• The transfer of Saracen arms into Frankish ownership is a leitmotif of
    many chansons de geste, but one whose significance for translatio imperii has yet to be
    elucidated. In this essay, I focus on the Chanson d’Aspremont, a twelfth-century epic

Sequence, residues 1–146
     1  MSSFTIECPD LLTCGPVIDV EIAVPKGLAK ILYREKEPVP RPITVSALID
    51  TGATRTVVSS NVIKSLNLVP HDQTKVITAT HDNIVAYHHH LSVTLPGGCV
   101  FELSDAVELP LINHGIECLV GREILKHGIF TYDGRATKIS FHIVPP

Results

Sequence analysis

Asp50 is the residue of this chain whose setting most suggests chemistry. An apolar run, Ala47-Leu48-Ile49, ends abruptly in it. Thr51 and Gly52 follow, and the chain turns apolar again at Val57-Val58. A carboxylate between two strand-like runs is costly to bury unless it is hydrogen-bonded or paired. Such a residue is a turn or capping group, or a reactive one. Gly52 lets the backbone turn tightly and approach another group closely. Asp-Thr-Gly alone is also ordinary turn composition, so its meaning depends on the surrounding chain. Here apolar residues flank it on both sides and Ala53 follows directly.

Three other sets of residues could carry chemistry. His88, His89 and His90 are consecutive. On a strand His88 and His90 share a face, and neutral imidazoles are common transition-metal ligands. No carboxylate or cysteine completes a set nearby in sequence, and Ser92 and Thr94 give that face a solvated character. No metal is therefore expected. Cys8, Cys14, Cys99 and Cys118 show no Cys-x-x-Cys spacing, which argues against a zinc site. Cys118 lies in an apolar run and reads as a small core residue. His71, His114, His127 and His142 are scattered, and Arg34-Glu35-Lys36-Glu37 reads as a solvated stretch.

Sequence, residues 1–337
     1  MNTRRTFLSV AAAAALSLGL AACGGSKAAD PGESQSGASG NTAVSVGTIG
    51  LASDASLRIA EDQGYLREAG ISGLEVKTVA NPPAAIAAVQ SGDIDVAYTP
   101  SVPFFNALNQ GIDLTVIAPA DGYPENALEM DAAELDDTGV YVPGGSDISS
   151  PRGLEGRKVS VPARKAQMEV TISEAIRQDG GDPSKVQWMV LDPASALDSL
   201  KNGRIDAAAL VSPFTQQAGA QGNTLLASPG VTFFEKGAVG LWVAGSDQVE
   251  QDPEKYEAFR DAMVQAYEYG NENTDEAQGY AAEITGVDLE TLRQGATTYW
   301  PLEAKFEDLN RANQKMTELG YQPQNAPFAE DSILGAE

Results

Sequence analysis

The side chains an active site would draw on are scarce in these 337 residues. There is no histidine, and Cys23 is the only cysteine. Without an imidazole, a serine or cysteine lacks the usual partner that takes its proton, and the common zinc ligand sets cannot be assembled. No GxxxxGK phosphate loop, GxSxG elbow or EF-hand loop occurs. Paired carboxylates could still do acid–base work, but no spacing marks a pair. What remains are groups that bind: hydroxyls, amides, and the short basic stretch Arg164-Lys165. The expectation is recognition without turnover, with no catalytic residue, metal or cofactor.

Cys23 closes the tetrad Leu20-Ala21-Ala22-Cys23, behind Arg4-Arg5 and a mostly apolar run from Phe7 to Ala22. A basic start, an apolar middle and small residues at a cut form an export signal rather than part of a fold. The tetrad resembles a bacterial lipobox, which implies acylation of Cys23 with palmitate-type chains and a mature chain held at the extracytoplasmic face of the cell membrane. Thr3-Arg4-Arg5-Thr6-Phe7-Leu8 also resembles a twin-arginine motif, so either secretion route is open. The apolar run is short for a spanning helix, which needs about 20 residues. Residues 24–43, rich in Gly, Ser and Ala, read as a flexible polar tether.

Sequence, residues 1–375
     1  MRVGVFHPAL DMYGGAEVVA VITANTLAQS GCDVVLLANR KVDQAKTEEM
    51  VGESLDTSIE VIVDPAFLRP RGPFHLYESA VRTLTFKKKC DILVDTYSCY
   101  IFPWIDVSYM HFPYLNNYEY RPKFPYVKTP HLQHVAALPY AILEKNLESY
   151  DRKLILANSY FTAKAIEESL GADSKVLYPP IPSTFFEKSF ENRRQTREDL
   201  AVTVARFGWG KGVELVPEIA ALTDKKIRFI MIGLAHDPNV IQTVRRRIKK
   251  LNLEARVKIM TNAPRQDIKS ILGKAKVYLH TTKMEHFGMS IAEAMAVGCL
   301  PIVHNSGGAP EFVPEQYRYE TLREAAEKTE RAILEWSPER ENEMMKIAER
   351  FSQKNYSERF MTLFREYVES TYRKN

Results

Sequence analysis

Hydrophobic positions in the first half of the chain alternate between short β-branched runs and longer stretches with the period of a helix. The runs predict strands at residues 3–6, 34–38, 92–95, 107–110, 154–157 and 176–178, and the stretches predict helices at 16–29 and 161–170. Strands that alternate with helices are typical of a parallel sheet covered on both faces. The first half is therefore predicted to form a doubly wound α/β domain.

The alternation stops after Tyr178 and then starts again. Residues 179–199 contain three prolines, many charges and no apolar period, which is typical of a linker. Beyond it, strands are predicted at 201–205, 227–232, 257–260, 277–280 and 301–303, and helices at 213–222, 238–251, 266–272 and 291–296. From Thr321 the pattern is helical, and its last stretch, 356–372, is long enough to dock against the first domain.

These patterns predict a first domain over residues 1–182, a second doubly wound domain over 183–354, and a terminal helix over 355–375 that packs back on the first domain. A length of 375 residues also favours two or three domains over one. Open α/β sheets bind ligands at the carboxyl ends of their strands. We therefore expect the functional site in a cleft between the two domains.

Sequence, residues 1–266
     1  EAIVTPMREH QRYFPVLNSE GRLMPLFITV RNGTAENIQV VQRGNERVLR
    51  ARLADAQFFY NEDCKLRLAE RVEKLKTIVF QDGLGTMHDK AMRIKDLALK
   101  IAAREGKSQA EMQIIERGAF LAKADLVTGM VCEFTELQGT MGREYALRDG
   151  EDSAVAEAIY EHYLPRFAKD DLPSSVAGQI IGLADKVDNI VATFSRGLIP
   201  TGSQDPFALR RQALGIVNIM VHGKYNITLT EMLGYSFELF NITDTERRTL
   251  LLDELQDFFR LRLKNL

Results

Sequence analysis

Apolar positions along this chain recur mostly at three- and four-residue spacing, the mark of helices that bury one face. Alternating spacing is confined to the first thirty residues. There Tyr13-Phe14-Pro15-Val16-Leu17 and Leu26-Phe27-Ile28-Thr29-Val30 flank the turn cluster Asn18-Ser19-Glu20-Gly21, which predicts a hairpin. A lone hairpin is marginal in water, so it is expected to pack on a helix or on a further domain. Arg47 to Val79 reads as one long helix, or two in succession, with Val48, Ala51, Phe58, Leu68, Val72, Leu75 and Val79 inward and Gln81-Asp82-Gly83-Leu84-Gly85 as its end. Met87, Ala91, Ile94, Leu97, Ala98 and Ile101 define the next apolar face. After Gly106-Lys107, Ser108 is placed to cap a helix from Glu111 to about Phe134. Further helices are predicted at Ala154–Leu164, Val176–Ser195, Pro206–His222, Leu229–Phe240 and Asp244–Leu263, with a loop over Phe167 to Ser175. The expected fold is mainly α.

set in Calabria that narrates the pre-history of Durendal, Roland’s sword of Song of
    Roland fame, as an object inherited by Roland from its former royal Muslim owner.
    Drawing on cultural history and a number of object-translation models derived from
    material and spolia studies, I read the sword’s symbolic transfer as evidence of Norman
    desire for and appropriation of former Fatimid imperium in Sicily.